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Volume 2, Number 47              January 5 - 11, 2003            Quezon City, Philippines







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Commentary 
In 2003, Arroyo May Create More Jobs, But…

The government planned nationwide apprenticeship program reveals that its concept of job generation rests mainly on the number of jobs created, not on the quality of employment provided. That fresh college graduates are the target beneficiaries does not come as a surprise, especially when analyzing the current unemployment data.

By DANILO ARAÑA ARAO
Bulatlat.com

President Gloria Macapagal Arroyo stressed that her decision not to run in 2004 would make her administration focus on more important issues like unemployment. According to her, the creation of jobs is one of the three priorities in the last 17 months of her administration, the other two being “national unity” and “clean and honest elections in 2004.”

These are enticing words from a President who intends to dispel public perception of being a lame duck and to assure the public that it is “business as usual” for the government.

The problem, however, lies in the continuity of such “business” which is essentially anti-labor, not to mention the inherent failure to make radical changes in labor policy and treatment of workers.

The administration’s anti-labor stance was manifested only last December 26, four days before her announcement of not running in 2004.  President Macapagal-Arroyo declared her plan to launch a national apprenticeship program “under which fresh college graduates would be taken in by companies for training.”

As apprentices, the recruits will be given allowances instead of salaries. No less than Presidential Spokesperson Rigoberto Tiglao admitted that “(i)t’s not (going to be) regular work, but at least (they will receive) some income.”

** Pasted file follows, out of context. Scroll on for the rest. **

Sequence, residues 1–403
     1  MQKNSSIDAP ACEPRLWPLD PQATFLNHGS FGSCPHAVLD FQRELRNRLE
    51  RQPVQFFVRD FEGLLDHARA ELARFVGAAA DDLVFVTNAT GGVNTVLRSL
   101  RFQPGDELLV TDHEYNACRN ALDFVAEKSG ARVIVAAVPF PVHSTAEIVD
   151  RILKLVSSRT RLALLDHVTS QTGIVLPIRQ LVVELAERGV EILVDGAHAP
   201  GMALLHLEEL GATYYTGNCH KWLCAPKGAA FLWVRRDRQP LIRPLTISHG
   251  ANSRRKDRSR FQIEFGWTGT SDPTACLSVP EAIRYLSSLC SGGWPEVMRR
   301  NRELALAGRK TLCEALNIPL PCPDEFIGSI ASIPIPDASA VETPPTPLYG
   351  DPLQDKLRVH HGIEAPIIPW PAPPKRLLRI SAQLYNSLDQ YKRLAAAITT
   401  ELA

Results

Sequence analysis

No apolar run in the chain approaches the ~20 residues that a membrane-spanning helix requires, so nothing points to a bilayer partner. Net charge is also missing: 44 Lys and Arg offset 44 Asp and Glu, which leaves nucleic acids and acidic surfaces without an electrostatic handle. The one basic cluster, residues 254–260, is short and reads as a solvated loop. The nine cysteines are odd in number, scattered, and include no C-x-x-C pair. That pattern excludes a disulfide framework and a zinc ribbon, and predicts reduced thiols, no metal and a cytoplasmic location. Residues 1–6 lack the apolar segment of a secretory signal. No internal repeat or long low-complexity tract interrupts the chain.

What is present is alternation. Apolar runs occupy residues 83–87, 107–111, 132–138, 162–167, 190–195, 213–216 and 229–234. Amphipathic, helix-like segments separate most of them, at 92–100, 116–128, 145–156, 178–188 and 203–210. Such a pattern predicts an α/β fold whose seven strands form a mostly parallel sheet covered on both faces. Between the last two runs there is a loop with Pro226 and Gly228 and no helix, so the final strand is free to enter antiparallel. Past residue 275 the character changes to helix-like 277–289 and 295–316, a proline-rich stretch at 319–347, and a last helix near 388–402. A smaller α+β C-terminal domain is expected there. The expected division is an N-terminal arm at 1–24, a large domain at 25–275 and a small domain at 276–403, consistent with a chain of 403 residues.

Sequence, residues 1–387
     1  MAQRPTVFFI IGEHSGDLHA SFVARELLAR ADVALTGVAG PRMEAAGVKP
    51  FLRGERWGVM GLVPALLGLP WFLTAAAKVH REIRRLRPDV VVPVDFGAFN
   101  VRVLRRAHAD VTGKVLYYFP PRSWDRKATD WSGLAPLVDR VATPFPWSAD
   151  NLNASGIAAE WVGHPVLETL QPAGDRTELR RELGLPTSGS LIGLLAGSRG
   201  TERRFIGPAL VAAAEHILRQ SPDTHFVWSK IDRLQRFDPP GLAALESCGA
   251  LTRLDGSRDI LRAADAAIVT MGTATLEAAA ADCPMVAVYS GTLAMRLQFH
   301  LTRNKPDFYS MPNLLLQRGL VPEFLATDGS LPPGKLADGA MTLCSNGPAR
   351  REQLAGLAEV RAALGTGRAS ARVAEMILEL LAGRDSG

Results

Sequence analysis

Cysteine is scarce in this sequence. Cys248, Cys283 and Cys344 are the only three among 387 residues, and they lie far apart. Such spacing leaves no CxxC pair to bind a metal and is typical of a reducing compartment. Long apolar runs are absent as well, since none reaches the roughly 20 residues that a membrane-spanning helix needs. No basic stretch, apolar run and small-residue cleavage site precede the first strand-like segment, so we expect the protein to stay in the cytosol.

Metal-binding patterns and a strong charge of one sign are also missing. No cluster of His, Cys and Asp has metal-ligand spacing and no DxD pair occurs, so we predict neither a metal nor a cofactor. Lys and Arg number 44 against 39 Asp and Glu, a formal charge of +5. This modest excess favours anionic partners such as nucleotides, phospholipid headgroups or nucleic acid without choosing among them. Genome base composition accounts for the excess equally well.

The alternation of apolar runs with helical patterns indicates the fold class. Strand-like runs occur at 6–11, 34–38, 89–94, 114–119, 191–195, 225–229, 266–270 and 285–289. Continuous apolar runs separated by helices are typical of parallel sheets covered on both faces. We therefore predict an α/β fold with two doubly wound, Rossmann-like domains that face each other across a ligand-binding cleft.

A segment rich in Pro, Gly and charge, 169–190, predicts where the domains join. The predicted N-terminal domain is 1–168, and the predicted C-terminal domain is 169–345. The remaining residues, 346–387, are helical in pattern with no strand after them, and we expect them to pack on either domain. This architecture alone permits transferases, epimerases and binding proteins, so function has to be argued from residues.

Based on this plan, it is clear that the administration’s concept of job generation rests mainly on the number of jobs created, not on the quality of employment provided. That fresh college graduates are the target beneficiaries does not come as a surprise, especially when analyzing the current unemployment data.

Labor Force Statistics

As of October 2002, the country’s unemployment rate is pegged at 10 % which translates to about 3.42 million people.

Interestingly, the 20-24 years old age group constitutes the bulk of the unemployed with 1 million.

The data show that those who are supposed to be provided employment opportunities (having graduated from college around the age of 20) are the ones left out in the race for limited job opportunities in the country.

Allowances Not Minimum Wage

That the administration decided to provide apprenticeship to fresh college graduates may not mean much in terms of compensation, since companies can opt not to peg the “allowances” based on the prevailing minimum wage. It is probable therefore that such allowances will be lower.

Then again, the minimum wage in the country, compared to the cost of living requirement, is grossly insufficient for making both ends meet.